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Parault
02-05-2008, 06:00 PM
I have read the article in the Jan/Feb Civil War Historian about the top ten Confederate Generals. Do you agree with Michael and Thomas Aubrecht? Who would you pick? In what order would you place them? What I found most intriguing was the Interesting Facts on each general.
I enjoyed some of the early biography details on the generals with which I was not conversant of.

Michael Comer
02-05-2008, 11:45 PM
I do not agree with several of the picks.

I think John Bowen doesn't get enough credit for what he did as a commander. If he had not died at the end of the Vicksburg siege, I think there would be much written about him today. At the head of the Missouri Brigade, he was unstoppable. He exercised independent command and bailed out Pemberton on several ocassions. He outperformed several of the generals that were on that list.

I admit I'm biased in the matter since I'm a Missourian, but I really do think that an unbiased look at his command skills and accomplishments will bear me out.

Micah Trent
02-06-2008, 03:41 PM
top10?
It's ashame that's what CWH magazine has gone to? I suppose next will be top 10 union generals?
I love the magazine...just feel as if its quality has been slipping away lately.:(
Just my two cents.

27thNCdrummer
02-06-2008, 03:45 PM
Micah,
I couldn't agree with you more. It seems as if CWH has been declining in quality rapidly. If you compare the current issues to the older ones you will see the difference.

I don't think I will do top ten but here's is the top three

3. James Longstreet
2. Jubal Early
1. A.P. Hill

Enfilade
02-12-2008, 03:45 PM
Is there any doubt?

1)D.H. Hill
2)Stephen Dodson Ramseur*
3)Robert F. Hoke
4)William Dorsey Pender*

*KIA
My Top 4 anyways.

Malingerer
02-12-2008, 05:25 PM
1. D. H. Hill - obviously
2. Bryan Grimes - he and his boys made a real fight of it at Fisher's Hill even after their flank was turned and the non-North Carolina troops had all fled.
3. J.J. Pettigrew - fought like a caged tiger at Falling Waters
4. Rufus Barringer - even when the end was very near, he and his tiny brigade of four North Carolina regiments sacrificed themselves as Lee's rearguard at Namozine Church and prevented Sheridan from gobbling up much of the infantry.

Prodical Reb
02-12-2008, 06:25 PM
Gentlemen,
There is an Obvious NC trend going on. I couldn't agree with you more! The NC generals were always slighted by the Richmond politicians and underrated by everybody!

Prodical Reb
02-12-2008, 07:00 PM
accidentily hit button twice. Mods delete please

Bill Fean
02-12-2008, 08:01 PM
I have to agree with Mr. Trent. I started my subscription back around the 5th issue or so & it seems to be going toward a different direction than I was expecting. When this issue came, I dont think I even looked at it after the first day it came in the mail. When my subscription runs out, I dont think I'll be renewing unless something changes.


Bill Fean

EasySam
03-06-2008, 08:38 AM
I do not agree with several of the picks.

I think John Bowen doesn't get enough credit for what he did as a commander. If he had not died at the end of the Vicksburg siege, I think there would be much written about him today. At the head of the Missouri Brigade, he was unstoppable. He exercised independent command and bailed out Pemberton on several ocassions. He outperformed several of the generals that were on that list.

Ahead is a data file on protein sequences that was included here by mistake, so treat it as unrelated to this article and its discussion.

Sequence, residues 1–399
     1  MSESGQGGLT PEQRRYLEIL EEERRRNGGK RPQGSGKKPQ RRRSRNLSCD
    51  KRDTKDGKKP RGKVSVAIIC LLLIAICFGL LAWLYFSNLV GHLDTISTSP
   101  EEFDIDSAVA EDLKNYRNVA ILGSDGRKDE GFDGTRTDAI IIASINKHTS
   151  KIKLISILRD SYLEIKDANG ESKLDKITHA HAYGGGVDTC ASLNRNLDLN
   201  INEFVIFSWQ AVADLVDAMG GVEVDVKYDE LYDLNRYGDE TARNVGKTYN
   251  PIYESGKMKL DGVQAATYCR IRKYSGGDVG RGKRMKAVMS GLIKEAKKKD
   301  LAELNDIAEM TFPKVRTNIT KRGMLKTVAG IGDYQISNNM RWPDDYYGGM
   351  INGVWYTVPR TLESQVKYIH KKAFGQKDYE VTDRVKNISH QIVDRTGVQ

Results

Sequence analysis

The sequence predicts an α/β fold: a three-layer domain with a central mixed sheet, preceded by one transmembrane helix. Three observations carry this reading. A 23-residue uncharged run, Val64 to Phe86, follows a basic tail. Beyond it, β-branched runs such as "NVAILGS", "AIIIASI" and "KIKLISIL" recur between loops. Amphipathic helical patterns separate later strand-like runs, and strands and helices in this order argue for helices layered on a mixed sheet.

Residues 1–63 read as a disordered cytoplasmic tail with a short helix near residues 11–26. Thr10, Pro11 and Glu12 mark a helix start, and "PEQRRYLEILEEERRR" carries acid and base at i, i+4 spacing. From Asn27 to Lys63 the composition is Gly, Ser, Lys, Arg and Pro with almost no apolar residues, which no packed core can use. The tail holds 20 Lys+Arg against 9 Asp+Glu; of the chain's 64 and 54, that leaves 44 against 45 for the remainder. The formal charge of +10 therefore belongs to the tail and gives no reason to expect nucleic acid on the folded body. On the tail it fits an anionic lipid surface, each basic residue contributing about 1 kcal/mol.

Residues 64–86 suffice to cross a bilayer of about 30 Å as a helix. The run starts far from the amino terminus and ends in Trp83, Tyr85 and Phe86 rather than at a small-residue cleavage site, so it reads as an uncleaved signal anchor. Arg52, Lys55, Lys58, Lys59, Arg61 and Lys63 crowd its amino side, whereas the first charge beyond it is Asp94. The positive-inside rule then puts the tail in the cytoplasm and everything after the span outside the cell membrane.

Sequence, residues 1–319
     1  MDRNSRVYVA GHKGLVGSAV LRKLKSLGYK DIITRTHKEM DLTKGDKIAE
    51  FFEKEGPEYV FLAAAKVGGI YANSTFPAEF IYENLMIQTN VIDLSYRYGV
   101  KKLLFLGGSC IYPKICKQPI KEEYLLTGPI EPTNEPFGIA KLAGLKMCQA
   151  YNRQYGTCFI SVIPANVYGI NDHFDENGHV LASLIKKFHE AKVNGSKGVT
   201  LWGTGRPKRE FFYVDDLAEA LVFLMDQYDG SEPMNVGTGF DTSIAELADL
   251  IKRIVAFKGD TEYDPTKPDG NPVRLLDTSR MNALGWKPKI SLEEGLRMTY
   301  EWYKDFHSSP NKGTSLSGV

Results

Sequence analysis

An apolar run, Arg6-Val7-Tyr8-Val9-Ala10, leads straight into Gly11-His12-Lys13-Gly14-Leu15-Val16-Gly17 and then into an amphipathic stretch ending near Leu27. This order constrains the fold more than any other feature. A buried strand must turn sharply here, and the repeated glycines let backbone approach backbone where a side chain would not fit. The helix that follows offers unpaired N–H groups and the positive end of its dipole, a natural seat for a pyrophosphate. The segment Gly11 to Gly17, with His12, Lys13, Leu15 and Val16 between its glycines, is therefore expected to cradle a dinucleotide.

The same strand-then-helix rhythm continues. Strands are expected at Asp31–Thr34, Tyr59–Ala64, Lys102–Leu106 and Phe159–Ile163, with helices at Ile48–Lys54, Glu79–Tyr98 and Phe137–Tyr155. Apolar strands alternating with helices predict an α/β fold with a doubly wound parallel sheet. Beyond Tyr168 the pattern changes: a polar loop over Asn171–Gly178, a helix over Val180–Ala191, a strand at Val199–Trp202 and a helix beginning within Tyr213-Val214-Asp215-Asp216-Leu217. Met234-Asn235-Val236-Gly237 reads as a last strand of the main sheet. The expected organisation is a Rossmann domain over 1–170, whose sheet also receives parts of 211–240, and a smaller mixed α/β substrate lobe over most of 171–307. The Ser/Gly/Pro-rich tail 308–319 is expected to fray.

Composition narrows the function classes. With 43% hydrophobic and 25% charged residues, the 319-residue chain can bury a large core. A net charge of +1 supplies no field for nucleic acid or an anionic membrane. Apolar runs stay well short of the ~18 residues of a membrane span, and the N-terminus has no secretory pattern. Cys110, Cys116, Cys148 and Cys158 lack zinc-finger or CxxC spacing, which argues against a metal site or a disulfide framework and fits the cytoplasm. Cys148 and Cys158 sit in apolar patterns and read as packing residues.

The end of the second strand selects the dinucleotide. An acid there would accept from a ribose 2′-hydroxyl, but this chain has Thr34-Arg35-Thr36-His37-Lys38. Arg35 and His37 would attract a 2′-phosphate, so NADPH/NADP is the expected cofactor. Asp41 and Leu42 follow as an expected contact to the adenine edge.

I admit I'm biased in the matter since I'm a Missourian, but I really do think that an unbiased look at his command skills and accomplishments will bear me out.

Thank you for posting this. His leadership at Port Gibson is not topped by anyone. At Champion's Hill, again he bailed out Pemberton's army, and came very close to beating Grant. As close as any other did. I have studied Bowen a lot. If he had died in a glorious charge, instead of dying practically alone of dysentery, his memory would have been better served. Another great General was Cockrell. He has been described by at least one historian as the best combat commander of the war, either side. Part of his greatness may have been the result of learning from Bowen. Important to both generals was the men they led - The Missouri Brigade. This unit was decimated throughout the war. Very few returned home. Very few to carry the banners of Generals Bowen & Cockrell. The story of these men & their soldiers is a wonderful thing to learn.

Chihuahua
03-06-2008, 09:23 AM
Pards,
I've always been a big fan of Nathan George "Shanks" Evans. Without his bold moves, 1st Manassas and Ball's Bluff would have been quite different.
Mark Warren
Hairy Nation

boozie
03-06-2008, 11:45 AM
I think the whole top 10 thing was lame.

I do agree with John Bowen not getting enought credit, it's always a pleasure to read about him. Of course i've always been a Benjamin Franklin Cheatham fan too. He had one of the biggest funerals as far as attendence goes that Nashville has ever seen. Most were his old troops, that really says something about a leader to me.

Andrew Kasmar
03-06-2008, 12:23 PM
Hi,

1 James Longstreet
2 Patrick Celburne
3 Thomas Jackson ( Stonewall Jackson)
4 Hood as a brigade commander

Andrew Kasmar
4th Missouri Company E

Steve Acker
03-06-2008, 12:29 PM
Mahone as a division commander through 64 and 65. He kept his division viable when others were not able to.

Steve Acker

Union Navy
03-06-2008, 01:24 PM
Once again, generals grab the headlines while the underdog Confederate Navy goes begging. Not many admirals to choose from:

1. Franklin Buchanan
2. John Randolph Tucker (later rear admiral in Peruvian Navy)
3. Raphael Semmes